Le Menage, Trinity

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Historic Jersey buildings


Le Menage, Trinity


H21LeMenageTr3.jpg

A chimney at the property, clearly indicating that it once had a thatched roof. The protrusions, popularly known as 'witches' chairs', supposedly a resting place for witches in flight, were actually dripstones, to stop rain getting into the gap betwen chimney and thatch



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H21LeMenageTr4.jpg

Property name

Le Menage

Other names

Le Menage du Rocquier

Location

Route des Côtes du Nord, Trinity

Type of property

Farm group with 14th century origins

Valuations

No recent transactions

Families associated with the property

  • De La Rocque: 'Maison du Rocquier 1668; home of the de La Rocques 16-17th centuries, when they owned the Fief of Savalle, and named after them; Ménage du Rocquié, 1717, then in Mattingley hands': Stevens, Arthur and Stevens, Jersey Place Names, Volume 1, 459. ABSJ, IV, 61-64, on the subject of the de La Rocques, Seigneurs of Saval (sic), shows this property as having been that family`s seat since at least the early 16th century and probably in that of the 15th. It was at this time a seigneurial house. [1]

That it has no apparent tourelle staircase or provision for pigeon nesting, trous à pigeons, is explained by the location of the fief`s former colombier on their neighbour`s land, at Ville Machon. Former owners of this house and land included Helier de La Rocque, Jurat, 1525-1549, and Lieut-Bailiff, 1546-1549; Nicolas de la Rocque, Constable of Trinity (as had been his father), 1546-1551; Pierre de la Rocque, Procureur-General, 1564-1569, and Pierre jnr, and Elie de La Rocque, both Seigneurs of Saval, whose father, Pierre, was Viscount of Jersey, 1602-1620. The Fief de Saval passed, at the end of the 17th century, into the hands of a branch of the Dumaresq family. Le Ménage and its farmland was inherited by Esther de la Rocque ( -1676), wife of Jean Mattingley, Constable of St Clement, 1660-1664. This marriage brought the Mattingleys to Trinity, to live at the former de La Rocque property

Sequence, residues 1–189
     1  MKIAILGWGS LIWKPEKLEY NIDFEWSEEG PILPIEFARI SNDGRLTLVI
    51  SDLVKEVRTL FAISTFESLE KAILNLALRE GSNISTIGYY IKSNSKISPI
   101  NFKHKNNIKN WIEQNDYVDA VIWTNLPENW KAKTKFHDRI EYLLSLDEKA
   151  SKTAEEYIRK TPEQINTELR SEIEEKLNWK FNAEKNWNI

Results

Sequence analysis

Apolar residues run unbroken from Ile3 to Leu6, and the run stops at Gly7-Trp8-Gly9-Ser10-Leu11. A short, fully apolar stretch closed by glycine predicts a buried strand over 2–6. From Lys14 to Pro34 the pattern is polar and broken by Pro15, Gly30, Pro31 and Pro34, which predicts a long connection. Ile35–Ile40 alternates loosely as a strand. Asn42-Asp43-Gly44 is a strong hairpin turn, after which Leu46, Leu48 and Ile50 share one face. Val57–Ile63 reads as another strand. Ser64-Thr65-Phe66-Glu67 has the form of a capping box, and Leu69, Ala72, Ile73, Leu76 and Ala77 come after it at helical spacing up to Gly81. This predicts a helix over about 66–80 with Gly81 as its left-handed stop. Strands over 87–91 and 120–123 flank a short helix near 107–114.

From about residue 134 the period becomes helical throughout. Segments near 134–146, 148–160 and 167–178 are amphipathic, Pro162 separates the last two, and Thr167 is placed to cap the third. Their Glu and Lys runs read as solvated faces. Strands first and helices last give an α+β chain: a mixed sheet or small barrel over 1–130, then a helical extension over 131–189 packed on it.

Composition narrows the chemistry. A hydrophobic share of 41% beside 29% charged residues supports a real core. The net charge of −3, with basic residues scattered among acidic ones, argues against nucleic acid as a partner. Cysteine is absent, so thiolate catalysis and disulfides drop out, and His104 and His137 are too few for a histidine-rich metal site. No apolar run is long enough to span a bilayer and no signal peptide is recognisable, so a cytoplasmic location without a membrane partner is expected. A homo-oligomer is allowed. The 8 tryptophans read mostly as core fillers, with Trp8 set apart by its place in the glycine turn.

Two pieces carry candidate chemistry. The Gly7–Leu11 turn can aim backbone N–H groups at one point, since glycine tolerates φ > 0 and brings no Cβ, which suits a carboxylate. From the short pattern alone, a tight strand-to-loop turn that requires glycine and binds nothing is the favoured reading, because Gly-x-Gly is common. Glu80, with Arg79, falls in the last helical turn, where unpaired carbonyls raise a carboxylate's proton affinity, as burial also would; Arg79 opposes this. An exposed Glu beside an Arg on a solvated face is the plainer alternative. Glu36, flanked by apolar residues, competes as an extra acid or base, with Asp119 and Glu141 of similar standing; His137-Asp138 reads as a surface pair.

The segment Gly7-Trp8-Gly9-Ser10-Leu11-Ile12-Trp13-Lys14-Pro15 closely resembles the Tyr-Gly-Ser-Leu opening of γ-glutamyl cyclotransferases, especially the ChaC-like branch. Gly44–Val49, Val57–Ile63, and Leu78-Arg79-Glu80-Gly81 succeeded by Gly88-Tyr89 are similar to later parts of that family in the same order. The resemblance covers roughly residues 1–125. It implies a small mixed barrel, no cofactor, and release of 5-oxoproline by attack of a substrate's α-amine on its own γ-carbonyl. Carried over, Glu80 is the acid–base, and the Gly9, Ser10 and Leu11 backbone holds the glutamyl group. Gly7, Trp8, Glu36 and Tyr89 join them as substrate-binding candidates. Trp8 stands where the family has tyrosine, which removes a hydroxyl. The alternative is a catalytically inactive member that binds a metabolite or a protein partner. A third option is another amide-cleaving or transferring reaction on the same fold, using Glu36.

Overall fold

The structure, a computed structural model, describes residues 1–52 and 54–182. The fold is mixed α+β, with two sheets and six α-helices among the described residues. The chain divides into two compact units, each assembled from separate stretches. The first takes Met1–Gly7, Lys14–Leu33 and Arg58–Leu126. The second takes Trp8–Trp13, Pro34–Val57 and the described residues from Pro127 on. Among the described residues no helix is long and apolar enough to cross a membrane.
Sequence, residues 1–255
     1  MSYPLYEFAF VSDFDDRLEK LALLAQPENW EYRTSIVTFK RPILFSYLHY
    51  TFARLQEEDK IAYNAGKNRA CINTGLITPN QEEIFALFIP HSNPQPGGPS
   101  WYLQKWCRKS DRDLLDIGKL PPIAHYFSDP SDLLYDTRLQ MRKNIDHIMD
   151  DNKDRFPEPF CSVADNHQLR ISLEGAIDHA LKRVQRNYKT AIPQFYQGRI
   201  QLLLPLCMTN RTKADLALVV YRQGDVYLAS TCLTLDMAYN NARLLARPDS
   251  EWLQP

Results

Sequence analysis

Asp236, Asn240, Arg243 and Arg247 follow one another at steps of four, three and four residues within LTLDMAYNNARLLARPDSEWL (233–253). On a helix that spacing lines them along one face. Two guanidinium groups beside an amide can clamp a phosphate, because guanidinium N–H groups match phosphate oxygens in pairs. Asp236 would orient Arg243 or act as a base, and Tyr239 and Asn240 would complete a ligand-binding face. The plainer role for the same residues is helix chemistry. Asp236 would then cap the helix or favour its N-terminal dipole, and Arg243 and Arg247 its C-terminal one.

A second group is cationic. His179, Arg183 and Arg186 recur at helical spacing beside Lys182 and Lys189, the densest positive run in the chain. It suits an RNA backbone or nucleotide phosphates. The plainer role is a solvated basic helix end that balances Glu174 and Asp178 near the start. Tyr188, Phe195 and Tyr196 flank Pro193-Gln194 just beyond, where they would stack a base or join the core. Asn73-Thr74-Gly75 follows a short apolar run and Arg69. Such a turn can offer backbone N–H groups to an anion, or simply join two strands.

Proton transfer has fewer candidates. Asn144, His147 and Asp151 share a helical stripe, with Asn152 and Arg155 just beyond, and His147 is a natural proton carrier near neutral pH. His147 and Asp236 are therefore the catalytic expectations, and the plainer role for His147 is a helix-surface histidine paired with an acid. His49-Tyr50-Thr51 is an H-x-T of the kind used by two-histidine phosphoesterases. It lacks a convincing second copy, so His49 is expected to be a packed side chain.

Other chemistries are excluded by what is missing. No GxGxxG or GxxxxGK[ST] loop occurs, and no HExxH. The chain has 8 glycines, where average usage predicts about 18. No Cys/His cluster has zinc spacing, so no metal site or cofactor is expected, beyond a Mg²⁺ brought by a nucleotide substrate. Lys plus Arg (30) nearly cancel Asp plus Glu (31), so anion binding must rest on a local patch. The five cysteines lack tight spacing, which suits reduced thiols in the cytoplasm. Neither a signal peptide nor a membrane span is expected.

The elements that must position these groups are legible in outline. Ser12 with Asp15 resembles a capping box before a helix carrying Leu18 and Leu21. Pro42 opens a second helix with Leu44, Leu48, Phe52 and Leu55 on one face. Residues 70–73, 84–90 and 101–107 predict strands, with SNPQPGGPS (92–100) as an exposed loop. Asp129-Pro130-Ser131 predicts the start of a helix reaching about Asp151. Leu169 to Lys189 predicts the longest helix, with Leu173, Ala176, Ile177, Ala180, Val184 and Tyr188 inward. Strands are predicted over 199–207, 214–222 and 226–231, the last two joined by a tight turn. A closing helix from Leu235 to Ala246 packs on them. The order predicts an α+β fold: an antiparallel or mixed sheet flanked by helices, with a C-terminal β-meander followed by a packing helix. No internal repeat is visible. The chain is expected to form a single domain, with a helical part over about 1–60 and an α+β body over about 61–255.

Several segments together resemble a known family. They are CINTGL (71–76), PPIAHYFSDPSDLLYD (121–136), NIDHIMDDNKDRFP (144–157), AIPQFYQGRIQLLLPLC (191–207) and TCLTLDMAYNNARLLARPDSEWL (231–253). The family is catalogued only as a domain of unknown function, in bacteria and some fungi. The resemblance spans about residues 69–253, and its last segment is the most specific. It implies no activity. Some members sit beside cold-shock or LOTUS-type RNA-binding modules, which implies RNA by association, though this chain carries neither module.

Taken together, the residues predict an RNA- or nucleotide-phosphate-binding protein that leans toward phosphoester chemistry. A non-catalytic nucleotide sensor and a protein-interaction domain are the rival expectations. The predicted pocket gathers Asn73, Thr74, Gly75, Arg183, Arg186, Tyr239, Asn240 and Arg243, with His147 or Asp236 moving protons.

In 1941 the next generation: Charles Philip (1884-1958), his wife Anna Mary, nee Amy (1880- ), their children Charles Gordon (1910- ), Margaret Elise (1915- ), Garnet John (1920- ) and Harold George (1924- ) and Charles' sisters Elise Mary Perchard (1881- ) and Alice Jane Perchard (1886-1951) were living here

Datestones

PDLL ♥ ALB 1841 - For Philippe de la Lande and Anne Le Bas The property appears to have been inherited by Philippe's niece Jeanne/Jeanneton (1821- ), daughter of his brother Jean. She married Charles Perchard in 1848 and they were the parents of Charles de La Lande Perchard, who inherited the property

Historic Environment Record entry

Listed building

This farmstead is a cohesive group of buildings which contributes to the rural setting. Each building retains its historic character and the house has details of note. This building is shown on the Richmond Map of 1795. It is thought to have origins in 14th century, the major part of the existing house dating from 1788.

Two-storey five-bay house with two-storey, two-bay wing to east. Two-storey converted outbuildings run north from east end, returning west to form U-shaped rear yard.

Front: pantile roof; stone chimneys, with dripstones, to each gable. Slate sundial. Walls coursed rubble with dressed stone quoins and long and short dressed openings. Windows 12-pane sashes.

20th century conservatory at east end.

Old Jersey Houses

Not included

Notes and references

  1. In the north-east corner of Trinity, in the Vingtaine of Rozel, there are two former seigneurial houses and two manors. Other than Le Ménage, there is La Chasse, the former seigneurial house of the Fief de la Gruchetterie and no doubt of the Fief de Gruchy. Diélament Manor is situated at a distance of no more then 700 metres south of La Chasse. 300 metres east of the latter, is Les Augrès Manor, although its fief is in the south of the parish. Le Ménage may also have been the seigneurial house of a fifth fief, that of Petit [de] Rozel, with which it has long been associated. This would account for some evidence suggesting there may having possibly once been two colombiers at Ville Machon
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